Early in the afternoon on November 8, Election Day, Sarah Ruhl says, “It’s sort of like the strange calm before the storm, I feel like.”
However, she doesn’t have more to say about the current state of politics. “I don’t want to count any of my chickens, in terms of where we are on Election Day, because I’m too superstitious,” she adds.
With so much at stake, Ruhl prefers to shift her focus to women in theatre. “I think we’re really in a renaissance right now, with women writing plays, and women directing plays, and women designing plays,” she says. “It’s a really exciting time to be a woman making theatre in New York.”
It is. Theatre luminaries will gather November 14 to honor Ruhl with the 2016 Steinberg Distinguished Playwright Award, presented by The Harold and Mimi Steinberg Charitable Trust, and a body of her work will be presented at Lincoln Center Theater’s Mitzi E. Newhouse Theater by a group of esteemed actors—most of them women—who count themselves among a fortunate few who have originated roles in her plays.
Celia Keenan-Bolger will perform the epilogue from The Oldest Boy; Blair Brown, Jessica Hecht, and Polly Noonan will perform essays from 100 Essays I Don’t Have Time to Write; Maria Dizzia and Joseph J. Parks, original cast members from the Off-Broadway production of Eurydice, will perform a scene from that show; and Kathleen Chalfant will perform a monologue from For Peter Pan on Her 70th Birthday.
“We have a great group of, actually, mostly women performing, which is very moving to me,” says Ruhl. “It feels a little bit like: ‘This is your life—being surrounded by a community like that.’ And, to me, it’s an incredible metaphor and lived experience of how interdependent we are in the theatre—to see my work reflected back at me like that.”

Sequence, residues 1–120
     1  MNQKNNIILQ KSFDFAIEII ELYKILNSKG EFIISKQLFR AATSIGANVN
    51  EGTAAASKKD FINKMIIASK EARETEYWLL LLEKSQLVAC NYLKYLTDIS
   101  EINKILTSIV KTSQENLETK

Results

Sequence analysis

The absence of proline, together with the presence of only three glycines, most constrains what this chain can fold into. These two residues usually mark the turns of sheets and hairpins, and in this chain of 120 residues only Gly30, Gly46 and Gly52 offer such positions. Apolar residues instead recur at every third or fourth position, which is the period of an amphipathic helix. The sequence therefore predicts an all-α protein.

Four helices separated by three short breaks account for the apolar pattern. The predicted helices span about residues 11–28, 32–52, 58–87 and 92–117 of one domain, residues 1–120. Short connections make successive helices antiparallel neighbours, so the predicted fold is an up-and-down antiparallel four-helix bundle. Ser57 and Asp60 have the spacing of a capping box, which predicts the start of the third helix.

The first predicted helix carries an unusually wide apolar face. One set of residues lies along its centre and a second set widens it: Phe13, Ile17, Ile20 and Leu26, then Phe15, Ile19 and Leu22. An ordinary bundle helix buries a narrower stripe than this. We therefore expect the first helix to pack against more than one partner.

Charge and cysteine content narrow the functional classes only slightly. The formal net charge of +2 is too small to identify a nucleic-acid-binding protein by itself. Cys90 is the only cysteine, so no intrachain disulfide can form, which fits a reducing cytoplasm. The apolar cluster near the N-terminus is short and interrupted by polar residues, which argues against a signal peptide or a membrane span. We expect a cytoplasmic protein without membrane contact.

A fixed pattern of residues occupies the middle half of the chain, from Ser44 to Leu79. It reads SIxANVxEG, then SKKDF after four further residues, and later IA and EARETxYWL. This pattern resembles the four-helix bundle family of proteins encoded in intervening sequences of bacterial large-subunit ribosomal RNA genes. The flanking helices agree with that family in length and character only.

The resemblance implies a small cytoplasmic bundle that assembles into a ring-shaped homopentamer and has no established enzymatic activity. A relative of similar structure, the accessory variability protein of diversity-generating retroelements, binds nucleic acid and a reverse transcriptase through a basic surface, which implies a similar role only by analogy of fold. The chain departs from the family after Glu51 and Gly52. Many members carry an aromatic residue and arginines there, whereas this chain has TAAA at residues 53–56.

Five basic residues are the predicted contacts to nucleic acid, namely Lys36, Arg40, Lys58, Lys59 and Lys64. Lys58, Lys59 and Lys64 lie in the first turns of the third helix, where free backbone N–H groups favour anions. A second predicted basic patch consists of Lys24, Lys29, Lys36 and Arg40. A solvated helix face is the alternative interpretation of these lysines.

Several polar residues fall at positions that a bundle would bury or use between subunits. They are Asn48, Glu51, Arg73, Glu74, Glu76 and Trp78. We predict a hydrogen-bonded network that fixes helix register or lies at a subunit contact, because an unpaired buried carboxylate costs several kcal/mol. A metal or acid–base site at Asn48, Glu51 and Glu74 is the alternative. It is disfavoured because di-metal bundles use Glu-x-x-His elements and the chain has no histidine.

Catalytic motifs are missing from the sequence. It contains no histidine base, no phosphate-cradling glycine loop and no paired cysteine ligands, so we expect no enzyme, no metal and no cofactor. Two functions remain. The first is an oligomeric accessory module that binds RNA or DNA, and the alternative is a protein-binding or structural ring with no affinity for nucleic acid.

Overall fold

Her plays The Clean House and In the Next Room (or The Vibrator Play) have both been finalists for the Pulitzer Prize for Drama, and she was a recipient of the MacArthur “Genius” Grant by the age of 32. In 2009 she made her Broadway debut with In the Next Room, picking up a Tony nomination for Best Play.
Still, Ruhl is candid about the work ethic and dedication required to face a blank page.
“I think the hurdles are daily,” she admits. “I think there is a daily hurdle of maintaining focus and coming back to the blank page day after day and not getting distracted. Honestly, I think the long goal for writers is to stay with a blank page every day… This is very moving to me [and] a reminder, I think, to stay focused over the long haul and not to get distracted.”
Ruhl says that she felt demoralized when she realized how long it took to get a play fully produced. Eurydice had about 13 readings before it was mounted. “I remember at that time sitting at my kitchen table with the man who would become my husband, and I was just weeping and said, ‘No one will ever produce my plays!’ That feeling of despair that work is not going forth and finding its collaborators or its audience, and it’s a message in a bottle that keeps washing up back on the shore to you… I think a lot of writers feel that way and continue to feel that way. In a certain sense, it was having a first production that then led to other productions that got me out of that wash cycle of development.”
Ruhl continues to explore dramatic possibilities. She is currently working alongside songwriter Elvis Costello on a musical (that will have a workshop at the Public Theater), which speaks to the current state of the United States. The musical is called A Face in the Crowd, and it has been adapted from the short story by Budd Schulberg that later became a 1957 film directed by Elia Kazan.
“It’s about this populist yokel, who walks into a radio station one day, and is incredibly charismatic, and a woman puts him on the air, and he blows up, and suddenly he’s telling people what to do and what to think, and he thinks he can single-handedly declare war on England because of his vigilante followers,” she explains. “The woman who created him and made him a media sensation is horrified, so she puts him on air one time when he’s talking about the American public, and he doesn’t realize it, and he calls them a bunch of sheep—his own flock of sheep—and he has this terrible downfall. [It was] made it into a movie, really contemplating the effect that television would have on politics, and I just think that it’s enormously prescient, so it was incredible to hear Elvis singing some of the songs [at the Beacon Theatre] the night before the election.”
Michael Gioia is the Features Manager at Playbill.com. Follow him on Twitter at @PlaybillMichael.